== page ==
Minnesota Heat Pump Systems Repair & Installation

Heat pumps efficiently heat your home in winter and cool your home in summer. During winter, an electric or gas furnace supplements your heat pump by providing the additional heat needed to keep you comfortable when outside temperatures are low.

As your heating system ages, it can lose efficiency or stop working altogether. With the cost of home heating fuel constantly on the rise, there’s never been a better time to explore alternative means of controlling temperature in your home.

Heat and Cool Your Home Efficiently

Heat pumps have been now increasingly used as an efficient, convenient and cost effective alternative to heat and cool indoors from a single unit. In fact, the installation of a heat pump is a long term investment. It is therefore vital to undertake a thorough research, prior to its purchase. These are some important factors that should be taken into account while purchasing a heat pump.

First, compare the efficiency ratings such as SEER and HSPF of different heat pumps now available in the market. The higher the SEER and HSPF ratings, the more efficient the functioning of your heat pump will be. The SEER (Seasonal Energy Efficiency Ratio) is used to rate its cooling efficiency while the HSPF (Heating Seasonal Performance Factor) serves as a way to measure the efficiency of heat pump’s compressor. A reliable heat pump will usually have a SEER rating ranging from 14 to 19. When it comes to HSPF, it will be mostly between 8 and 10.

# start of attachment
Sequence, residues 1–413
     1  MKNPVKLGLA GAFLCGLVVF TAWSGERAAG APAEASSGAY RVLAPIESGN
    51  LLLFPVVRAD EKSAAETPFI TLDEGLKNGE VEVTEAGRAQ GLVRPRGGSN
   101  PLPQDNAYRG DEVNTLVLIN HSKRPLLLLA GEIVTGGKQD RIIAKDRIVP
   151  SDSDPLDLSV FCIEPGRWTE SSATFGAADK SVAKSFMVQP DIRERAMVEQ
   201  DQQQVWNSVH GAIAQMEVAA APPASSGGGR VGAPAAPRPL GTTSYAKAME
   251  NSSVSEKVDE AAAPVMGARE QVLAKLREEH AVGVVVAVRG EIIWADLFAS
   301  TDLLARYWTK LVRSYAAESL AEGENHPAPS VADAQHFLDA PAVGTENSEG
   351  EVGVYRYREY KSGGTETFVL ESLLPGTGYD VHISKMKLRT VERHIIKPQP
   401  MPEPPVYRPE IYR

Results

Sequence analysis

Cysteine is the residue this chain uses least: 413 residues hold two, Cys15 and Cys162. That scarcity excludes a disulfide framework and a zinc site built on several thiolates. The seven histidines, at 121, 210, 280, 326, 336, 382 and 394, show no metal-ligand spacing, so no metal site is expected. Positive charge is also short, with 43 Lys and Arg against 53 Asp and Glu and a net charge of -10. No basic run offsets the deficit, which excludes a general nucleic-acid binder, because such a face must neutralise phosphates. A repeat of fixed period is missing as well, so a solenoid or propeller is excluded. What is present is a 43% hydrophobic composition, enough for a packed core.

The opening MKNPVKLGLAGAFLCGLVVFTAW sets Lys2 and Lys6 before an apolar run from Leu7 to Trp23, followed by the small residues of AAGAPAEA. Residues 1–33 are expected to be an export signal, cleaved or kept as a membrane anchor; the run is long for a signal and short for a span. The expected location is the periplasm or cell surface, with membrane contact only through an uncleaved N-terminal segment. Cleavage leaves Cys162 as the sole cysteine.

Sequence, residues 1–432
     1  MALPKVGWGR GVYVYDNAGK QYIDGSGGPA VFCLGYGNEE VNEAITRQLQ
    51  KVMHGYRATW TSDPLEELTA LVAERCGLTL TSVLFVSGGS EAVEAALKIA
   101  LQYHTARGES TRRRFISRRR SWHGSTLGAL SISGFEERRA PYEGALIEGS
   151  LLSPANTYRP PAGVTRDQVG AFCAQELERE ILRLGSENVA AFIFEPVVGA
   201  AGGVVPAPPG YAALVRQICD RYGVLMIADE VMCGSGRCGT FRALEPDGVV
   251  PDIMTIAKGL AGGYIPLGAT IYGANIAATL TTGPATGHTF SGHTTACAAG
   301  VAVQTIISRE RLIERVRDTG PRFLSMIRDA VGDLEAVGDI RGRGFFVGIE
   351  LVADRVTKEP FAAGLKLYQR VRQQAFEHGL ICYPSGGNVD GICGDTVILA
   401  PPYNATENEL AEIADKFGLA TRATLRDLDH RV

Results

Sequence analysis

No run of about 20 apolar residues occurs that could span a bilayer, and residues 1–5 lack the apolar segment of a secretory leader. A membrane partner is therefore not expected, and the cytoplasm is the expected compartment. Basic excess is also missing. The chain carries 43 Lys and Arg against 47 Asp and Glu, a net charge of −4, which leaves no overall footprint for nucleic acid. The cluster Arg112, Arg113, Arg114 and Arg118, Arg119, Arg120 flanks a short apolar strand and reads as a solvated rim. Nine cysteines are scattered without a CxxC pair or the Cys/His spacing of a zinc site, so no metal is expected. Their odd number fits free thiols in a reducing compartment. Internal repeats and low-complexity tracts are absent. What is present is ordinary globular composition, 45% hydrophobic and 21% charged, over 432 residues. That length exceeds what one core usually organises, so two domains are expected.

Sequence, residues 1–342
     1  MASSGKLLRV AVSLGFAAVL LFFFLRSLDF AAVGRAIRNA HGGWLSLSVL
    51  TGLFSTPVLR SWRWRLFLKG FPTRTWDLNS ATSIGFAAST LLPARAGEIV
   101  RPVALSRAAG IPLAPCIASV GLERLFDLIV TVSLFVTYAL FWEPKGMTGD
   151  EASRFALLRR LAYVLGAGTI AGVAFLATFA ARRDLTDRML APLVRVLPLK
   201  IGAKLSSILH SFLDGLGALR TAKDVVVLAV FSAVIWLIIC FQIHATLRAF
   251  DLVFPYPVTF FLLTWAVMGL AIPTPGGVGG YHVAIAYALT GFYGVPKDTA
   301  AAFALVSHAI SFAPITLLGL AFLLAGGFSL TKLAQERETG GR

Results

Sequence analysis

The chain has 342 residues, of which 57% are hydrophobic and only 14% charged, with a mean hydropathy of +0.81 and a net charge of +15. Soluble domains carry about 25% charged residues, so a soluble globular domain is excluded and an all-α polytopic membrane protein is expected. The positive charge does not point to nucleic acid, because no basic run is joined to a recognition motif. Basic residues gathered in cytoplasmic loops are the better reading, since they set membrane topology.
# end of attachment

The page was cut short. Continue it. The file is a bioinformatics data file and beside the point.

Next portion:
Another important factor that should be considered for the right selection of heat pump is to check whether it is environmental friendly. For best results, opt for a heat pump with ozone friendly refrigerant, R410a. Equally important is to review its unique features. It would be a good option to choose a heat pump with features like two stage compressors as well as motors, and scroll compressor that help for its quieter performance. Further, make sure that your chosen heat pump is covered by excellent warranty options.

  • The EPA has mandated that manufacturers stop making R-22 equipment (that is most likely the refrigerant your current system uses).  This means that if you make a major repair to your existing system, you have made an investment in a piece of equipment that is no longer going to be manufactured after 2009.
  • New systems are installed with R-410a, which is the new refrigerant being used by manufacturers.  This refrigerant is more environmentally friendly than R-22, its predecessor.

Because these units provide both heating and cooling, it is even more important that you have the proper size. The wrong size unit will steal money from your pocket the whole year long. That can add up in a hurry!

A heat pump’s heating and cooling capacity should match your home’s heating and cooling demands to work most efficiently. An undersized system won’t adequately cool your home, while an oversized one won’t dehumidify properly and can make the house feel drafty in the winter. Ask a licensed Minnesota heating and air conditioning contractor for a heating and cooling load system analysis.

With any major repair on your furnace and air conditioner that is older than eight years, you investing money into an old system, there are no guarantees that something else won’t fail in the near future.